For a better-reasoned argument on the above, read Nat Hentoff's column in the current Village Voice.
To join in the 4th of July celebration from afar, tune into wnyc.org online around 7pm EST.
A happy 4th of July to everyone, everywhere. This entry posted 1pm July 4pm, updated at 6pm
WEDNESDAY JULY 3: THE REZILLOS: BACK ON THE (FLYING SAUCER) ATTACK
Last Sunday night (June 30) at the Court Tavern in New Brunswick, New Jersey, I positioned myself front and center of a Rezillos gig for the first time in 24 years where, in absence of anything seriously constituting a stage or a thousand people pushing on my back, I found myself grinning from ear to ear as I stood almost nose to nose with Fay Fife, Eugene Reynolds and the band for a thrilling one-hour set. . . Continue
(My Rezillos live review is far too long to fit onto the iJamming! home page. I've given it its own page instead. Click here for the full review - and plenty photos too.)
WEDNESDAY JULY 3:WHY DOES MY FAVORITE WHO ALBUM HAVE TO BE 'THE WHO SELL OUT?'
To be fair, and to balance some of the criticism I've aimed Pete Townshend and Roger Daltrey's way for continuing the Who's tour without John Entwistle and before his burial (scheduled for July 10, btw), here are links to three extremely positive reviews of the show at the Hollywood Bowl on Monday July 1.
Rolling Stone Online.
Orange County Register.
Los Angeles Times.
I don't think any of us doubt that Peter and Roger, along with Zak Starkey and Rabbit Bundrick, and a bass player of Pino Palladino's reputation can put on a superb live concert under any circumstances. That's not the issue.
SHOULD WE HAVE SEEN IT COMING?
"It was. 'Fuck it! We're not gonna let a little thing like this stop us.' That was the way we hadto think. We had to reduce it, because if we'd actually admitted to ourselves the true significance of the event, the true tragedy of the event....we could not have gone on and worked. And we had a tour to do. We're a rock and roll band."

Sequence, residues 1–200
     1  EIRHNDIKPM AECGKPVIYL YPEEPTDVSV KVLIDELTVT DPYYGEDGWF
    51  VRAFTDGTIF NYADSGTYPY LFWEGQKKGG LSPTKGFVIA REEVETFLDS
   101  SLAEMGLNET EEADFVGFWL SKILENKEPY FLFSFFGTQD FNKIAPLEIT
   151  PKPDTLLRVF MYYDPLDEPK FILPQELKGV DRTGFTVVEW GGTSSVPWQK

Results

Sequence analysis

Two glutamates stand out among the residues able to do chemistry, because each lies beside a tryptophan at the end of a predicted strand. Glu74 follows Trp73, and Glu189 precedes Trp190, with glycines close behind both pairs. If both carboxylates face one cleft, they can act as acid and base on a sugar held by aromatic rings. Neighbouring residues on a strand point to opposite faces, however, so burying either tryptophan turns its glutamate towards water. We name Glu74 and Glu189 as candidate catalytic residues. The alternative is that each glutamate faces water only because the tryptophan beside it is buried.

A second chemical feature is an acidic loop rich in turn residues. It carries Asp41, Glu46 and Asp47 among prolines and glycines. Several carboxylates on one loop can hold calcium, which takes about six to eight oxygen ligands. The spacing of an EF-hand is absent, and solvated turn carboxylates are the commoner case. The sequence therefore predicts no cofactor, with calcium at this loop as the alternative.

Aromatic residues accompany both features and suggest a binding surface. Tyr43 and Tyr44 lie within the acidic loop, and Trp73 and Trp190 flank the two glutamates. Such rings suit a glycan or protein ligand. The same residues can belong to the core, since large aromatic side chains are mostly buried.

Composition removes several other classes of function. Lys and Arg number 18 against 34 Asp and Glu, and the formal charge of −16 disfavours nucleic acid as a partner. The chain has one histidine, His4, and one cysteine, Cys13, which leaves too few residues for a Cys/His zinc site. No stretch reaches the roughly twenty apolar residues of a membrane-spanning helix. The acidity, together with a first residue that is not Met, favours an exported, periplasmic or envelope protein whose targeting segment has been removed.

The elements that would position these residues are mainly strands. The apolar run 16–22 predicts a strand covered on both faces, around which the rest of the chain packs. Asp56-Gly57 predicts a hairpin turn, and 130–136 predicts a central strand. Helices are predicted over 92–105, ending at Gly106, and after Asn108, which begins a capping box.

Pete Townshend talking to Greil Marcus of Rolling Stone in 1980 about the Who's decision to keep touring after the death of eleven fans at Cincinnati's Riverfront Coliseum in December 1979.
WEDNESDAY JULY 3: PUT THE MONEY DOWN
As expected, the Net is alive today with positive reports of an 'emotional,' 'cathartic,' 'cleansing' and 'powerful' show Monday night by 'The Who' (minus their four-days-dead bass player, John Entwistle) at the Hollywood Bowl. It's no surprise that the most enthusiastic reports hail from the most hard-core fans, for blind loyalty is what defines fandom in the first place. As I suggested before, the personal perspective appears to become murkier the closer one stands to the center of this ugly mess, so let me stay away from the quality of the music being played, which I'm sure is indeed fine in its own right, and instead disseminate a theory.
The comment keeps coming up: surely the Who, savvy businessmen that they are, had tour insurance against this kind of circumstance; after all, if you can't cancel a tour for a founding member's sudden death on the very eve of the first date, then when can you? But let's consider for a moment that they weren't insured. Certainly, to get insurance against the possibility of canceling a $20,000,000 tour due to sudden death, the playing members would have to have taken a medical exam. John Entwistle, as it's now been revealed, had a heart condition. He was already 57. And you can easily read into Roger Daltrey's official statement that John lived so hard and fast that his death was not a complete surprise to his long-term playing partners. Let's just hypothesize then, that John failed his physical while Pete Townshend and Roger Daltrey passed theirs. Perhaps this would explain why I have heard, off the record and without seeing the written proof, that in the contracts between promoters Clear Channel and The Who, only Pete and Roger were considered irreplacable 'senior members' of the Who on this tour, while John was grouped in with relatively new drummer Zak and long-term keyboard player Rabbit as a 'junior member', officially and legally replacable.
It seems so shocking to think that after almost fourty years alongside Pete and Roger, John would have been reduced to junior status, that you may not be inclined to believe it. (Though it might explain why Pino Palladino was so readily available to replace him.) But for John, The Ox, who considered himself indestructable after so many years hard living, the chance to once more do what he most loved - touring with the Who - would surely have been worth his temporary reduced status on what he probably saw as just a piece of paper between the band and the promoters.